Gluten-Free, Grain-Free Pumpkin Chocolate Chip Cookies

chewy pumpkin chocolate chip cookies, full of autumn flavors

Have you ever baked with pumpkin? Or tried to make pumpkin cookies? Pumpkin makes lovely breads and cakes. It bakes up light and fluffy, and provides lovely moisture. Unfortunately, light and fluffy aren’t good cookie characteristics, in my book. I love chewy cookies – especially chewy chocolate chip cookies. When pumpkin season came, I wanted to bake up pumpkin cookies, but didn’t want them all fluffy. What’s a chewy cookie lover to do?

So I started to think. What is it about pumpkin that turns those cookies into cake-like, fluffy treats? It dawned on me that pumpkin has a lot of moisture. Good for cakes and breads, to be sure, but it was ruining my perfect cookie. So the key? Remove some of the moisture from the pumpkin.

I got to work. I made a big batch of pumpkin butter from a gigantic cushaw squash I recently acquired. But rather than just adding pumpkin butter into a cookie recipe, I opted to reduce it further. I put some pumpkin butter in a saucepan and set it on medium-low heat, and I cooked it. And cooked it. Stirred and stirred, until it no longer looked like a pumpkin-y puree, and instead took on a thick texture more like tomato paste. Less moisture = less fluffy, I hoped.

I also opted to remove the egg white from the cookie recipe, figuring that an egg white would contribute to lift – something I didn’t want in my cookies. I left the yolk in, however, to hold things together and provide some additional fat.

Finally, I proceeded to wing it. I wanted to keep the cookie grain-free, so I went with almond flour. And while this recipe isn’t technically dairy-free (I used ghee), it is casein-free, so those with casein intolerance can still indulge. (I find that while I can’t tolerate regular or even grass-fed, cultured butter, I can tolerate a bit of ghee here and there.) If you can’t do ghee, try substituting coconut oil. Because I really wanted the pumpkin pie spice effect, I threw in extra cinnamon and nutmeg. I also added chocolate chips and some chopped pecans, just because.

It’s my cookie, and I can do what I want.

The result was more than I’d hoped. These cookies are tender, but chewy. Moist, but not overly so. They are indeed chocolate chip cookies, but they are so much more than that. They are like chocolate chip cookies and pumpkin pie got together and had a love child.

Gluten-Free, Grain-Free Pumpkin Chocolate Chip Cookies

7 T pumpkin butter paste (simmer pumpkin butter over medium-low heat, stirring frequently, until texture resembles tomato paste)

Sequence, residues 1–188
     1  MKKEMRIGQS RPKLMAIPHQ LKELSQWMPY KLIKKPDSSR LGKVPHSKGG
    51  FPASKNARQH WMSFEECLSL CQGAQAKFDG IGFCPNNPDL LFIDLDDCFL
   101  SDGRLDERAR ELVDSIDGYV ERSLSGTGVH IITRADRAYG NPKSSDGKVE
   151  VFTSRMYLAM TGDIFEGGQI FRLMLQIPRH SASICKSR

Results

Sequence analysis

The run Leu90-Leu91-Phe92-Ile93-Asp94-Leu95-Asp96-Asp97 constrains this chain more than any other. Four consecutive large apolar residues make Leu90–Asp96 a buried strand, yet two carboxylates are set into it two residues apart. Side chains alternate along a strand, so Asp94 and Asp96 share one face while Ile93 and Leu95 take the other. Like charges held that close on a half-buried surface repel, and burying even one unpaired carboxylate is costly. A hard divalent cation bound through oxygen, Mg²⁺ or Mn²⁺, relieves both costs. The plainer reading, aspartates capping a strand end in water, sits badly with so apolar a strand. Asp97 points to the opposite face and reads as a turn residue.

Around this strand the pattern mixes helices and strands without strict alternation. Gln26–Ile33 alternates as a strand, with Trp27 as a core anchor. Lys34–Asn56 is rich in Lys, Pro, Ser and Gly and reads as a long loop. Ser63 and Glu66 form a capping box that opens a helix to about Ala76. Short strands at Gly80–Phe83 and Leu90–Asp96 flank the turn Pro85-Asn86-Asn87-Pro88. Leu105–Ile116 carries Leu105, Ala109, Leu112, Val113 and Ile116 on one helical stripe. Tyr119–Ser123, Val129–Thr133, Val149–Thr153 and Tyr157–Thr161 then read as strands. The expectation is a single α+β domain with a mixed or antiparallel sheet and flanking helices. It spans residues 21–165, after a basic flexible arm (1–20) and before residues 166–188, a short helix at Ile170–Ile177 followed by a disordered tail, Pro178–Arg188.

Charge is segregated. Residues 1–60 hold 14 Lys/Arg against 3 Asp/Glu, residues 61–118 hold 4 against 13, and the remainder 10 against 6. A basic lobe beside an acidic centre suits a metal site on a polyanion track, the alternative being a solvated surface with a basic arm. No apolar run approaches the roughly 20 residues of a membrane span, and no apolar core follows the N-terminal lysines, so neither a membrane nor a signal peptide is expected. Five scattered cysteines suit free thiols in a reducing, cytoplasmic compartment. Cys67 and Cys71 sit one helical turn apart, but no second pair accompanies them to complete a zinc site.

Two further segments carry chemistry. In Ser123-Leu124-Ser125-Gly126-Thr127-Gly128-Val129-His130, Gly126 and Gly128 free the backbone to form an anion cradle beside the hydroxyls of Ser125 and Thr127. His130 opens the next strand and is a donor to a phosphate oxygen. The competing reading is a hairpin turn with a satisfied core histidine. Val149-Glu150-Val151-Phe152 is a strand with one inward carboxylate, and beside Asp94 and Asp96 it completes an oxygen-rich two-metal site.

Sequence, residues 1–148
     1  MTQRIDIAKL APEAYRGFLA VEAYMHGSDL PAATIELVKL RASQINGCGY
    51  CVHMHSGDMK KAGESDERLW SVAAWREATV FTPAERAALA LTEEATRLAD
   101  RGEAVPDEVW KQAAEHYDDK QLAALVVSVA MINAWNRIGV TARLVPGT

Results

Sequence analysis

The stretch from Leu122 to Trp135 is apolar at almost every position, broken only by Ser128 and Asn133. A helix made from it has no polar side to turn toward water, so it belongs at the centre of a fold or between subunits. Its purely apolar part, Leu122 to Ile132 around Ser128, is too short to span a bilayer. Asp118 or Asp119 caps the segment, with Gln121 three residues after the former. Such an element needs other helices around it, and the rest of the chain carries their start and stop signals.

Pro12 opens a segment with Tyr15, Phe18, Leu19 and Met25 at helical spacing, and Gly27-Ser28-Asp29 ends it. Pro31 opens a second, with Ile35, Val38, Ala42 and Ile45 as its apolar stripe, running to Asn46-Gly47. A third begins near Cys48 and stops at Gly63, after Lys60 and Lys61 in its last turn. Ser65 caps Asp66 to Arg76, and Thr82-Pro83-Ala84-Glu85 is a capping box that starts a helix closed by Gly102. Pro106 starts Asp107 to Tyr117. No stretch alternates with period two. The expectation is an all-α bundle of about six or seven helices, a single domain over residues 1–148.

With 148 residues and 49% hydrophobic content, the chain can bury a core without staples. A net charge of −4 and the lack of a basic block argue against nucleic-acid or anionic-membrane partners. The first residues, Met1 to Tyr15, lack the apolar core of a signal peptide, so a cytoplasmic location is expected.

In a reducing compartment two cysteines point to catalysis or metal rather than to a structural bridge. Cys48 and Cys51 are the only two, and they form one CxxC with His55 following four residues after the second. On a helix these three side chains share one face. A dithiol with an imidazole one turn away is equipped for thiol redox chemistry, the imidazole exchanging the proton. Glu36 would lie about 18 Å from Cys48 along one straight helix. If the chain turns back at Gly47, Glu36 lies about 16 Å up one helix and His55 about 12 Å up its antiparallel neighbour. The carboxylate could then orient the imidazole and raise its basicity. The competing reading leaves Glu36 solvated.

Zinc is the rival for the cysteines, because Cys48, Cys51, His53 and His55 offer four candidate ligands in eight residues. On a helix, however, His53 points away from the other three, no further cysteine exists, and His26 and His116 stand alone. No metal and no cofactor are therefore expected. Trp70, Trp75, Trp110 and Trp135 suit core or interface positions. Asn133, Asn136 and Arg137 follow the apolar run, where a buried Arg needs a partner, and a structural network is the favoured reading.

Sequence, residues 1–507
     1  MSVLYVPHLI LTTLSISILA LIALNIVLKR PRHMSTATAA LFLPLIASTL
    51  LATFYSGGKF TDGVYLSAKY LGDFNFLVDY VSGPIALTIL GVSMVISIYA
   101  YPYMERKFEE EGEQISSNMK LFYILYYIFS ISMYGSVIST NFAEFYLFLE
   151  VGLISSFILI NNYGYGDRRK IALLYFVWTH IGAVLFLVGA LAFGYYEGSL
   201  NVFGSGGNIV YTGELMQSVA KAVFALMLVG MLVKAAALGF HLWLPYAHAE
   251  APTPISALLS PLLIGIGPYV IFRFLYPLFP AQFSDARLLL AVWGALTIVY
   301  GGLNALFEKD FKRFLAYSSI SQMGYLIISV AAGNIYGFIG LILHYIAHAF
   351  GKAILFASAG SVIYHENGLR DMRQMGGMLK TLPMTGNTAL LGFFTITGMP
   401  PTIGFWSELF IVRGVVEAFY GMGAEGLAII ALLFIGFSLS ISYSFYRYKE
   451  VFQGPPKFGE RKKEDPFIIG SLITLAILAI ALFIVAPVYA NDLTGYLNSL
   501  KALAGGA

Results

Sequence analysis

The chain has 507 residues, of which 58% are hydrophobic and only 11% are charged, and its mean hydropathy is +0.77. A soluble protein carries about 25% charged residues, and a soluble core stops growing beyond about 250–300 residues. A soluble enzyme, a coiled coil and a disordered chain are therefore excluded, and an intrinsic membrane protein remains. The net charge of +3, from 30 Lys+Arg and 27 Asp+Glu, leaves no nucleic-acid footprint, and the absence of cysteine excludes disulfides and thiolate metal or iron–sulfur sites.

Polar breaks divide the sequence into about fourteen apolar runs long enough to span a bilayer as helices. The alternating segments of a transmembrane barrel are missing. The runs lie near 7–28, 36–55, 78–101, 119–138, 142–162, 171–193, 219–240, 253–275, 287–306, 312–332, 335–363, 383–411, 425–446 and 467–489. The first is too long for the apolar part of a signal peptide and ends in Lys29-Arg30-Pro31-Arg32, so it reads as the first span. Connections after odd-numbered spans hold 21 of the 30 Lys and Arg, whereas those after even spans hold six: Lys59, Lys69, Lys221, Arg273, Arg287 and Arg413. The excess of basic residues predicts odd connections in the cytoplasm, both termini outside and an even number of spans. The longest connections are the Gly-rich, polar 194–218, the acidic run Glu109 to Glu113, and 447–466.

1/4 c melted ghee (or coconut oil)

1/2 t vanilla extract

1 egg yolk

3/4 c brown sugar or coconut palm sugar

2 c almond flour (I tried this recipe with both Honeyville blanched almond flour and Bob’s Red Mill – both work, but I prefer Honeyville)

1/2 t baking soda

1/2 t kosher salt

1/2 t cinnamon

1/4 t nutmeg

1/2 c dairy-free chocolate chips

1/3 c chopped pecans

Preheat oven to 350 degrees. In a small bowl, mix together the pumpkin butter paste, ghee, vanilla extract, egg yolk, and brown sugar. In a large bowl, whisk together the almond flour, baking soda, salt, cinnamon, and nutmeg. Stir the wet ingredients into the dry until combined. Stir in chocolate chips and pecans.

Scoop rounded tablespoonfuls of the dough onto a parchment-lined baking sheet. Bake for 12 minutes or until just starting to brown on the edges. Allow to cool on the baking sheet for 5 minutes, then transfer to a rack to finish cooling.

Makes about 1 1/2 dozen.

This post is linked to Slightly Indulgent Tuesdays at Simply Sugar and Gluten-Free.


  1. says

    Those cookies work for me, Alta! They look yummy and healthy–a winning combo. :-) I so love that you’ve been enjoying recipes made from your cushaw. Just love those! 😉


  2. says

    They sound totally amazing! And I see it’s becoming all too clear that I’m going to have to make a trip to the US to get me some Honeyville flour!! 😉

  3. says

    Alta, these sound incredible! I also am a chewy cookie gal, use pumpkin all the time in recipes to cut fat grams, and never in a million years would have though t to reduce it. You are a genius! I will be making these with coconut oil. Going on my Thanksgiving menu :)

  4. says

    Mmm. I make pumpkin pancakes using almond flour quite often. I love the subtle sweetness of pumpkin, because I never have to use much sugar when using it. Of course it is that time of year for pumpkin too!



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